If our objective is to limit ourselves to perlbrew/perlbuild/etc…, many of my objections become moot. But I don't think that should be the target, I think that would exclude a wide range of applications. So no, I don't think saying "then don't upgrade" really solves that problem. We may be able to postpone the problem, but it won't go away by itself.

The absentee/maintainer dichotomy

I do not recognize this distinction at all. Just because I actively maintain my stuff doesn't mean I want to be dealing with other people breaking my code. If I wanted to deal with the whims of a platform breaking trivial things I'd be programming python.

Associating not wanting the language to break with diminishing use of the language is perplexing to me. Perl is a language of which a lot has been written already, and relative to that past popularity not all that much new code is being written. Quite a lot of Perl strongholds are attributable to Perl not breaking, it's uncertain if the pain of this process will be worth the gain.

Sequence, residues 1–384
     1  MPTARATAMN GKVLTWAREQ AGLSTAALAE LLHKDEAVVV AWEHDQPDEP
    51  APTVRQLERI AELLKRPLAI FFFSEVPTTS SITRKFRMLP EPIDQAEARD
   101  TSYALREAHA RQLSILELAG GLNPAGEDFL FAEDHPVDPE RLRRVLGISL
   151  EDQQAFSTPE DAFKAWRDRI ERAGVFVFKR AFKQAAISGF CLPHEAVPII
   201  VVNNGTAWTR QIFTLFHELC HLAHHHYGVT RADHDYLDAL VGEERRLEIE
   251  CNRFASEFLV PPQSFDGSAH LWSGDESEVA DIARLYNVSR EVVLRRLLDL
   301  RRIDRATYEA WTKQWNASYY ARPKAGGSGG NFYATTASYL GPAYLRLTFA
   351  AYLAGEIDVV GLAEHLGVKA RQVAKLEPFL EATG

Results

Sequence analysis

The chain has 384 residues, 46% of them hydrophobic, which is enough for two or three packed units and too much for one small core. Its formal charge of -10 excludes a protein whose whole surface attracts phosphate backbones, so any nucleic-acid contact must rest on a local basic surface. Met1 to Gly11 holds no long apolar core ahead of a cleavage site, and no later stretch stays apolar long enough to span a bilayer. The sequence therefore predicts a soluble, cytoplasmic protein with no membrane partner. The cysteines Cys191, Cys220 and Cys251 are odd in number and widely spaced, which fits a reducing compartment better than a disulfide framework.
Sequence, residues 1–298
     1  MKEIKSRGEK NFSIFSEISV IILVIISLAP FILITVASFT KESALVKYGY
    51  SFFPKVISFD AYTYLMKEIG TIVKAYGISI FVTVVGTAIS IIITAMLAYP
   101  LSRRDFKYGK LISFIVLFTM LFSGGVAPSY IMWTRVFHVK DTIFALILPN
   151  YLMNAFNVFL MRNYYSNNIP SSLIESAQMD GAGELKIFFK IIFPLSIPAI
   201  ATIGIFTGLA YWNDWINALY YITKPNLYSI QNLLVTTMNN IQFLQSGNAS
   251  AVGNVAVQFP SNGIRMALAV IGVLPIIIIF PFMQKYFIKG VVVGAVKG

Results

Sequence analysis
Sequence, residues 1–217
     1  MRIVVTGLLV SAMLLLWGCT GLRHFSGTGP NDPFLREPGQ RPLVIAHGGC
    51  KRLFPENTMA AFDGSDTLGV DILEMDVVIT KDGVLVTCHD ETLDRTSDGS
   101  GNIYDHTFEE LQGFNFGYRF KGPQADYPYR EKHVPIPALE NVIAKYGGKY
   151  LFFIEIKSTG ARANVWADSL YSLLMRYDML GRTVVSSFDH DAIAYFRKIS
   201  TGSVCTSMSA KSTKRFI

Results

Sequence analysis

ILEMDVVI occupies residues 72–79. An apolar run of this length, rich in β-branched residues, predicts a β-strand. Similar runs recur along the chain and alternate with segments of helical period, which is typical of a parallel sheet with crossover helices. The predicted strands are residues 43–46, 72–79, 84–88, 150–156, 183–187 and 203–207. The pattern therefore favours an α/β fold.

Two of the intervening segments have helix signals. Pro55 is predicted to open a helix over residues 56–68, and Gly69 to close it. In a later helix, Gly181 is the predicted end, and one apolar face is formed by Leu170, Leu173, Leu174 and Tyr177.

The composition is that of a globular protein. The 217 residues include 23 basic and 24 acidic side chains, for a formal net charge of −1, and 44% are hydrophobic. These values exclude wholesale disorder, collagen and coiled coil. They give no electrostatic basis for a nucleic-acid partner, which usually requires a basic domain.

There's also this suggestion that people who care about backwards compatibility contribute less to the language. This isn't actually explained further but it seems like a rather bold statement to me.

Whom are we serving?

Perl has many different types of users, with many different needs. This is inherent to a language that tries to be useful at 1 line and at 1 million lines.

The argument that has been made in the keynote suggests that the only reason why one would use "old-style Perl" is because you've abandoned your code, and I don't think that is true. Many best practices that are essential when writing large applications are not nearly as valuable in a small script; it would be outright silly to suggest one-liners need strict.